One of my all-time favorite childhood snacks was a corn-wheat-potato concoction with a slightly spicy paprika seasoning. Produced by a Viennese snack manufacturer, this product was branded “Zigeuner Räder” (Gypsy Wheels), and it was simply delicious. Against the current backdrop of discussions about racist names and politically correct terms, the manufacturer has now decided to rename the product “Zirkus Räder” (Circus Wheels). That move was enthusiastically welcomed by the Central Council of German Sinti and Roma—a German Romanies rights group, which has located a “growing antiziganism in Germany and Europe.”
The term “Zigeuner” or its English equivalent “Gypsies” is an exonym, that is, a popular external name for a group of people used exclusively outside that particular group. Some Roma people, “citing its connotations of illegality and irregularity,” consider the term pejorative. Although the racist snack replicates the shape of the official Romani flag—as a proud symbol of nomadic Romani identity—the name had to go. But why stop at snack food when there are numerous titles and captions in desperate need of thought adjustment in line with the times.
Johannes Brahms: 11 Zigeunerlieder (Gypsy Songs), Op. 103 (Andreas Groethuysen, piano; Europa Chor Akademie; Joshard Daus, cond.)
Clearly, Johannes Brahms is in need of reeducation. Instead of “Zigeunerlieder” (Gypsy Songs) we might have to call them, in accordance with the snack rebranding, “Zirkuslieder” (Circus Songs). But wait, I hear you say, the songs really have nothing at all to do with the circus, and some people actually working in the circus might find it offensive. Maybe, since we know that Brahms had an exotic fascination with Hungary, we could call them “Hungarian Songs?”
However, as Brahms did publish a substantial number of his compositions with titles including “Hungarian”—just think of the “21 Hungarian Dances,” which Brahms, afraid of claiming exclusive authorship of these melodies published without opus numbers—that’s not an easy switch to make either. It seems that Brahms had a contextually deeper understanding of the differentiation between “Hungarian music” as influenced by traveling Romani musicians, and an indigenous Romani musical heritage. Well, at least in his mind he did. But it is crystal clear that Brahms appended the title “Zigeunerlieder” out of a deep sense of respect, appreciation and cultural awareness.
Franz Liszt: Die drei Zigeuner (The three gypsies) (Voytek Proniewicz, violin; Wojciech Waleczek, piano)
Brahms might indeed be forgiven because as a grumpy old German he clearly wasn’t capable of having any real insights into authentic Romani culture. The same issue plagued Puccini with his Japanese “Butterfly” and Chinese “Turandot,” or even more severely, Léo Delibes and his Indian “Lakme.” But Franz Liszt really should have known better. Hungarian born, and predictably proud of his heritage—an aspect that turned out very profitable for his career—Liszt should be retroactively severely reprimanded for perpetuating rather than fighting racist stereotypes.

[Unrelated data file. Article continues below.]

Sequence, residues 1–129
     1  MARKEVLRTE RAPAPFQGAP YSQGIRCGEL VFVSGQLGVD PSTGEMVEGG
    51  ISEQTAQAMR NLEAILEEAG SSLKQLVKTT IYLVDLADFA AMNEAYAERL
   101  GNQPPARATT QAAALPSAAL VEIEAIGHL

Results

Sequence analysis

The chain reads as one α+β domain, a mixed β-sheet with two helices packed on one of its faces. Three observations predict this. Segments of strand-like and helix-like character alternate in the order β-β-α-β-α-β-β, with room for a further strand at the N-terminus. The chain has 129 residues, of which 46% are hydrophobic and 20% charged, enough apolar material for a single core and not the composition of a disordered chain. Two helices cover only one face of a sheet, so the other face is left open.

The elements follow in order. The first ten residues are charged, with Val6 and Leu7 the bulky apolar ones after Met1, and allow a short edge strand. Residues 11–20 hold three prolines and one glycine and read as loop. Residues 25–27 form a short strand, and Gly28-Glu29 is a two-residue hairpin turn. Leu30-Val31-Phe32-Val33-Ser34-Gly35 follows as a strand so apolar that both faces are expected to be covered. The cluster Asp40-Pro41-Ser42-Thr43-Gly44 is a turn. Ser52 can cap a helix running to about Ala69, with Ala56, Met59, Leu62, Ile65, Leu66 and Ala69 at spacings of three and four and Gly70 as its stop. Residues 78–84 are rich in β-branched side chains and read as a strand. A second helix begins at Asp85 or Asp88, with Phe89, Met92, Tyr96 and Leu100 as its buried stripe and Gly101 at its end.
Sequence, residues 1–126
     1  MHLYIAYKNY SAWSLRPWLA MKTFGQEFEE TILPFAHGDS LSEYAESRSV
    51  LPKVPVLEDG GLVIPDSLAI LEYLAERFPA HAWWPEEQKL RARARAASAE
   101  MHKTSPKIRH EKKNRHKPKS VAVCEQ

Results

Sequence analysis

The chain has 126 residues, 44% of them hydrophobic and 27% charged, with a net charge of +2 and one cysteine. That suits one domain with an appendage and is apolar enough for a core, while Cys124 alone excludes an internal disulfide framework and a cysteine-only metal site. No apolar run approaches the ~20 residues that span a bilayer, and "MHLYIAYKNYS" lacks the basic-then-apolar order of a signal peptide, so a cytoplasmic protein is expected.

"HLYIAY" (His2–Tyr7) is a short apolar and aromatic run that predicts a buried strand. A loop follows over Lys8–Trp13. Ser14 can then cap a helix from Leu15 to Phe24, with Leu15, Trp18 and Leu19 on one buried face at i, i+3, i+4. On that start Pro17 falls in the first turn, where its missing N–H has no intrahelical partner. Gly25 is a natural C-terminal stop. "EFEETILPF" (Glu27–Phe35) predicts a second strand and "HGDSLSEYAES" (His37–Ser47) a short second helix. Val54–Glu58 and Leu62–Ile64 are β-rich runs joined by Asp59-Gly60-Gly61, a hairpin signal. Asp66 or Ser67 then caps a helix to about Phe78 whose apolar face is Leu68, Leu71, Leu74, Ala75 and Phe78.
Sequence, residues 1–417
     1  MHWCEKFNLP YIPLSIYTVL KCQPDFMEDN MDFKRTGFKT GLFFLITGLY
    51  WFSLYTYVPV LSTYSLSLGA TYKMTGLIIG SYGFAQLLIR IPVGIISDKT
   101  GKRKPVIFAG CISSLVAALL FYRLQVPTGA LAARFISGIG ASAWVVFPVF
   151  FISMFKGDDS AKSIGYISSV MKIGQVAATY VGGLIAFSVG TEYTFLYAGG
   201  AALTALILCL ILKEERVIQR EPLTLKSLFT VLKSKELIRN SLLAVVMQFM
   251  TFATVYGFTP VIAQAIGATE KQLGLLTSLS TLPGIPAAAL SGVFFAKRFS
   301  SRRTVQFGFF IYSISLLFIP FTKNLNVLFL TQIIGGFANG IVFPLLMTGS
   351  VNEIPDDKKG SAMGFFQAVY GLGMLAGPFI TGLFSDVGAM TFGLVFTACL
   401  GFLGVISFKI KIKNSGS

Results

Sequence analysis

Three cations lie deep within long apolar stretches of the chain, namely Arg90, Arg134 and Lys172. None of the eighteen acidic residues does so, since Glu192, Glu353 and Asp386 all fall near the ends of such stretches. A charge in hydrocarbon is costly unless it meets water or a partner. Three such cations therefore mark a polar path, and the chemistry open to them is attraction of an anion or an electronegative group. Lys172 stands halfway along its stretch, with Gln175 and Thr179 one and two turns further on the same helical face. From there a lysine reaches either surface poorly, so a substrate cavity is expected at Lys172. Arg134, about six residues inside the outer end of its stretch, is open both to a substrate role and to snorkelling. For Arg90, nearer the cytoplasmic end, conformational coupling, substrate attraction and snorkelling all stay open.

Liszt was best man at the wedding of his friend, the violinist Eduard Hoffmann. Hoffmann insensitively appropriated a foreign cultural identity by changing his name to Ede Reményi. Actually, since he was born in Hungary with an unfortunate German name, he simply reclaimed his cultural identity, so he is well forgiven. As a wedding present, Liszt made a musical arrangement of a racist and stereotypical poem by Nikolaus Lenau entitled “Die drei Zigeuner” (The Three Gypsies) that he had previously twice set as a song. In this poem, a weary traveller sees three gypsies resting in a field, one playing the fiddle, one smoking and the third sleeping. As he goes on his way, the traveller reflects on the freedom of gypsy life. What a dreadful and hateful image, indeed. Liszt must really have hated his friend to give him such a horrid wedding present. Liszt had made an arrangement for voice and orchestra, but eventually decided that it was very well suited to the violin, and as a present for his friend. At least Liszt got rid of those horrible words of the poem, but still couldn’t shake that demeaning title. Shame on him.
And what is there to be done with that horrible piece of music “Tzigane” by Maurice Ravel? I suppose, since it was commissioned by the Hungarian violinist Jelly d’Arányi, Ravel might have thought that he could get away with such a racist title. In the worst case, he might even have indirectly called Jelly d’Arányi a gypsy! In the best case, it was an uninformed and ignorant kind of popular musical exoticism. Either way, it’s an outrage. Maybe we could advocate on some social media portal that it should never again be played, and if some dinosaurs still dare to perform the work, it must only be allowed with a different title, let’s say “cirque migrateur.” Well, that has its own problems.
Clearly, this is a worldwide problem that has the potential to endanger humanity, and we should leave no stone unturned until all references to “Tzigane, Zingaro, Zigeuner, Sigøynere, Cygan, Tzoanim, Qaraj”, and multiple other variations on that term are once and for all banished or retitled for good and forever. I have an immediate suggestion for that racist Rachmaninoff, since he clearly should have called his work “Capriccio on Ethnic Themes” instead the insulting “Capriccio on Gypsy Themes.”
There is wonderful news on my favorite snack however; it still tastes great!
Sergei Rachmaninoff: Capriccio on Gypsy Themes, Op. 12 (Novosibirsk Academic Symphony Orchestra; Arnold Katz, cond.)